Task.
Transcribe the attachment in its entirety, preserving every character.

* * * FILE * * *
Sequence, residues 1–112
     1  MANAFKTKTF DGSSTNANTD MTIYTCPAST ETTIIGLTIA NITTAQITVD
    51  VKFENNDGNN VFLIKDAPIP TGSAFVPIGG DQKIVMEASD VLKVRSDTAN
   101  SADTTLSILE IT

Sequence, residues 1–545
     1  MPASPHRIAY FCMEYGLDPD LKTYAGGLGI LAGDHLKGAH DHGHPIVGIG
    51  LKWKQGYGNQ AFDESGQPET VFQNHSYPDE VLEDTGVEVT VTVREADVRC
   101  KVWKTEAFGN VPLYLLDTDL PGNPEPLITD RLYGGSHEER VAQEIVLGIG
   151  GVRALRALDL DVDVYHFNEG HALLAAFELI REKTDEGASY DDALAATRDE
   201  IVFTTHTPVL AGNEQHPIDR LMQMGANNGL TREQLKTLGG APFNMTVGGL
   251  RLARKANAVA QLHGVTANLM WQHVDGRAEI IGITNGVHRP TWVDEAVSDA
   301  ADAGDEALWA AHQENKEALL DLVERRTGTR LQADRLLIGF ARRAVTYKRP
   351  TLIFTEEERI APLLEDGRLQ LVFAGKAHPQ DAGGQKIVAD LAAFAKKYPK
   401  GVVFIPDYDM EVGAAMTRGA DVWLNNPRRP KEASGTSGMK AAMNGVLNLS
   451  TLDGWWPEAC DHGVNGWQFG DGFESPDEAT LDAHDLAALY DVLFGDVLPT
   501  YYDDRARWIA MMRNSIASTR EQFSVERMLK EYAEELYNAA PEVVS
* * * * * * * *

Sequence, residues 1–112
     1  MANAFKTKTF DGSSTNANTD MTIYTCPAST ETTIIGLTIA NITTAQITVD
    51  VKFENNDGNN VFLIKDAPIP TGSAFVPIGG DQKIVMEASD VLKVRSDTAN
   101  SADTTLSILE IT

Sequence, residues 1–545
     1  MPASPHRIAY FCMEYGLDPD LKTYAGGLGI LAGDHLKGAH DHGHPIVGIG
    51  LKWKQGYGNQ AFDESGQPET VFQNHSYPDE VLEDTGVEVT VTVREADVRC
   101  KVWKTEAFGN VPLYLLDTDL PGNPEPLITD RLYGGSHEER VAQEIVLGIG
   151  GVRALRALDL DVDVYHFNEG HALLAAFELI REKTDEGASY DDALAATRDE
   201  IVFTTHTPVL AGNEQHPIDR LMQMGANNGL TREQLKTLGG APFNMTVGGL
   251  RLARKANAVA QLHGVTANLM WQHVDGRAEI IGITNGVHRP TWVDEAVSDA
   301  ADAGDEALWA AHQENKEALL DLVERRTGTR LQADRLLIGF ARRAVTYKRP
   351  TLIFTEEERI APLLEDGRLQ LVFAGKAHPQ DAGGQKIVAD LAAFAKKYPK
   401  GVVFIPDYDM EVGAAMTRGA DVWLNNPRRP KEASGTSGMK AAMNGVLNLS
   451  TLDGWWPEAC DHGVNGWQFG DGFESPDEAT LDAHDLAALY DVLFGDVLPT
   501  YYDDRARWIA MMRNSIASTR EQFSVERMLK EYAEELYNAA PEVVS